Bats take over the town
OVERHEAD, the legions of bats hang like sinister earrings off the earlobes of a big tree.
Underneath, the bright colours and playful angles are spattered with poo projectiles.
Wrapped around the Apex Park playground on Hervey Bay’s foreshore is a glowing orange fence that screams “No entry”.
An attached sign tells all that the exercise equipment is temporarily closed for area maintenance.
Council staff started cleaning the area on a daily basis to remove droppings and tree debris in late December.
“Unfortunately the sheer number of the animals, and the fact that they are roosting in the trees in the park, has meant that workers could not keep pace with the cleaning,” councillor Sue Brooks, chair of the council’s environmental sustainability portfolio, said.
“The picnic tables and facilities in two shelters and the toilet block in the park will remain open at this stage as they are protected by their roofs. The toilets and barbecues will be cleaned every morning as usual. The grass in the park also will not be mown as the noise from the mowers causes the animals to take flight and create even more mess.”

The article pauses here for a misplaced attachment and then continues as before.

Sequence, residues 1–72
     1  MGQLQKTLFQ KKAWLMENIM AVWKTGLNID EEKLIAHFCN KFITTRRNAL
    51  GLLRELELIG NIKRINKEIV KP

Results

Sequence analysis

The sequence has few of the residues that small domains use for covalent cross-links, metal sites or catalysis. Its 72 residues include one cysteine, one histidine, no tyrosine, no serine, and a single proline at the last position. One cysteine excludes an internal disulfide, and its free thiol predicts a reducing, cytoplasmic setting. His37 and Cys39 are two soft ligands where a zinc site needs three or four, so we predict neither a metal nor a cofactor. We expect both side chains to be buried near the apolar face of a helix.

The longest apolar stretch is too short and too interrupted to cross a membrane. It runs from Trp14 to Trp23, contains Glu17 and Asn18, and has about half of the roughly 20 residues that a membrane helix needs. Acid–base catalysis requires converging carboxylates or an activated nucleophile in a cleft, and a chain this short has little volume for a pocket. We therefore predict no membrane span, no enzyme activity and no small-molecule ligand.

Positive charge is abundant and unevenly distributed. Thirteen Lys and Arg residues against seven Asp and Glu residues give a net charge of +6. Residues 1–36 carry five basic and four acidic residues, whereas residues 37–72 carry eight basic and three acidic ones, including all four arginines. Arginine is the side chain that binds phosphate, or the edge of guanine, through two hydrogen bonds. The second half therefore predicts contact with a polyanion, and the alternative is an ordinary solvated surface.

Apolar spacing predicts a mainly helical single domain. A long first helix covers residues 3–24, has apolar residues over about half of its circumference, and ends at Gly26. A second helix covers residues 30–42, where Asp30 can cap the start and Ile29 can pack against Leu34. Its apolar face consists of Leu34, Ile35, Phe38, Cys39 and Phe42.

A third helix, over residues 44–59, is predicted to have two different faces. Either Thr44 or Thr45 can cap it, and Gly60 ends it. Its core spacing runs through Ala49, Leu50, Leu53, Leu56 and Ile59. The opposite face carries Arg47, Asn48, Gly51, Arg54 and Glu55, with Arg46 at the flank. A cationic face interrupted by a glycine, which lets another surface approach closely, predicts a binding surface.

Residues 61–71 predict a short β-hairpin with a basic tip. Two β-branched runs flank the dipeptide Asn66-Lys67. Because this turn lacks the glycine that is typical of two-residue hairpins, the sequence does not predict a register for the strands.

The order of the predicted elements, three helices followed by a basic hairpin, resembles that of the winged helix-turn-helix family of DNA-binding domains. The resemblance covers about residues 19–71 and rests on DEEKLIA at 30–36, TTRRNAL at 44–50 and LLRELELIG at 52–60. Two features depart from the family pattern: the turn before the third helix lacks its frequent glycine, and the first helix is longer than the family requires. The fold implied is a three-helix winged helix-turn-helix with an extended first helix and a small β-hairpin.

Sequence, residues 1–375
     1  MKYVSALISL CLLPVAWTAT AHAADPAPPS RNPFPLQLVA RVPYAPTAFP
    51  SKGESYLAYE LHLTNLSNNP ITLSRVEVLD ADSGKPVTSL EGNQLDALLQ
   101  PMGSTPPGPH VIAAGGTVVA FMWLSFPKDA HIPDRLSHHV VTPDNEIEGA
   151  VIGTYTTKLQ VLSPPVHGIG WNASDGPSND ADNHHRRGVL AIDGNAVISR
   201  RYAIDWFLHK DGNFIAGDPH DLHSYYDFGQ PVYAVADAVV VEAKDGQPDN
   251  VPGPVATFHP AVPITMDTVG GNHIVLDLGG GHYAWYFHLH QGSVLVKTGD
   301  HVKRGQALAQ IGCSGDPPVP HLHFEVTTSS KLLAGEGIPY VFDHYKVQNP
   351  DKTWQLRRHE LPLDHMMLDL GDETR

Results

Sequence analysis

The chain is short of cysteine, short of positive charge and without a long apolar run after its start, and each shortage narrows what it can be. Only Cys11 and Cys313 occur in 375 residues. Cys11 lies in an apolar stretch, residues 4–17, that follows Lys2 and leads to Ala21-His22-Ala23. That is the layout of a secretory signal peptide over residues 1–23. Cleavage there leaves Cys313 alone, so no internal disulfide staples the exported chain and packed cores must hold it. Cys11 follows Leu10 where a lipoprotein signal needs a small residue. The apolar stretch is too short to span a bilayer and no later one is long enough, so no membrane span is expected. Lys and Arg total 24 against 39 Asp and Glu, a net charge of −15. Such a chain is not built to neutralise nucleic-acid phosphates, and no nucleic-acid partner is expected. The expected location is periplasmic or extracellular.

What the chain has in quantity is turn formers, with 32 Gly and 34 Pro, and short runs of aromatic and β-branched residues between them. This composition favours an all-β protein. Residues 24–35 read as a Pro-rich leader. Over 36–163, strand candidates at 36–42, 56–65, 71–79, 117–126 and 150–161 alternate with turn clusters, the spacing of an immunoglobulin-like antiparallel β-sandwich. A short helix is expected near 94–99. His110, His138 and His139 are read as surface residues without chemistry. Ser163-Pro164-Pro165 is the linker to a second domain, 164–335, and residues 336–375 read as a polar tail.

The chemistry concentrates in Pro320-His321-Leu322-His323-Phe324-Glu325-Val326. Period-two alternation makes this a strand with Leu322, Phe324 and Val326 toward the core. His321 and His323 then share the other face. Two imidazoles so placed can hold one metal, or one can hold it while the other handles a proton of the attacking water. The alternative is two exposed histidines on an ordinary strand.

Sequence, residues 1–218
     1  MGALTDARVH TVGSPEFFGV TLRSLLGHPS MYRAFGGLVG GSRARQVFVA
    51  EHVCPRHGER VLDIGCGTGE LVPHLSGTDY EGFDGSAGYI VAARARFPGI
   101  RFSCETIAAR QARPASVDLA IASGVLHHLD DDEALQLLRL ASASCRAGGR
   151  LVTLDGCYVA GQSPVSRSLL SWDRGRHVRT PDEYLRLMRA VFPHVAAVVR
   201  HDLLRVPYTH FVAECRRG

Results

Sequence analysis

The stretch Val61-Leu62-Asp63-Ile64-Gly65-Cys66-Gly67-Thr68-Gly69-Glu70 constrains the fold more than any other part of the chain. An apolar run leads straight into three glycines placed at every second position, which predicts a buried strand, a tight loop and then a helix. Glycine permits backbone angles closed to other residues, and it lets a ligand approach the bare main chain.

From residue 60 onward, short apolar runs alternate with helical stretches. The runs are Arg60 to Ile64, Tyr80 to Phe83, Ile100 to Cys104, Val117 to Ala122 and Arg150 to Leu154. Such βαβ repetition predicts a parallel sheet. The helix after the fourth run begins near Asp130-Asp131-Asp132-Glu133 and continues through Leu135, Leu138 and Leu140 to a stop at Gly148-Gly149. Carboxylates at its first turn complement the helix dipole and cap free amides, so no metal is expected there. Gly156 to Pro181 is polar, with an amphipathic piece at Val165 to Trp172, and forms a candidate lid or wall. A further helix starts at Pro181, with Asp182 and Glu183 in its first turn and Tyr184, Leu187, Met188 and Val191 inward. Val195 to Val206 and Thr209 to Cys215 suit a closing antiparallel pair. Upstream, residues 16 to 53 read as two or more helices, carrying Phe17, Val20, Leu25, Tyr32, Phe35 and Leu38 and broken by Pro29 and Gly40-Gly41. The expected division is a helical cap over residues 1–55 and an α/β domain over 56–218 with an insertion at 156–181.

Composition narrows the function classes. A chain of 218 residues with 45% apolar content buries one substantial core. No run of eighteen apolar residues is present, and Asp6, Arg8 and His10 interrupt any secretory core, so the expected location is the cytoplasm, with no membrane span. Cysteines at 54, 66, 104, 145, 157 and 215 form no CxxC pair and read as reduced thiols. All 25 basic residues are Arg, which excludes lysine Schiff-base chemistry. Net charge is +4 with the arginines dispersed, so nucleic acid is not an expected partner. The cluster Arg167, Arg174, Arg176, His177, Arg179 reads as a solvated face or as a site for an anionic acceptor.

Signs will be installed as soon as possible alerting people that the playground is temporarily closed for hygiene and maintenance reasons due to flying foxes roosting in the park trees.
Around the corner at the Hervey Bay Historical and Village Museum, the annual and swollen influx of flying foxes is taking its toll.
“This is worse than the last few years. They didn’t seem to come as much,” museum president Col Pearce said.
In the little garden at the back of the village, the wedding pulpit is pockmarked in poo. So too the animal statuettes used in a novel children’s competition.
Visitors to the Zephyr Street village are now denied access to this section. The museum’s Australia Day open day plans will not stretch back this far.
A founding member of the museum, Mr Pearce has been around for many a batty visit to the Bay. This one ranks up with the worst.
“It’s the damage they do,” he says. “Once it gets on the paintwork, it will not come off.”
He says they put an email SOS out to the council.
“They told us they would be gone in a few weeks. But how long is a few weeks?”
The black-headed flying fox, which traditionally lives at Tooan Tooan Creek, has been joined by the nomadic little red flying fox this year. The extra bodies increased the number of flying foxes at the Creek colony by tens of thousands.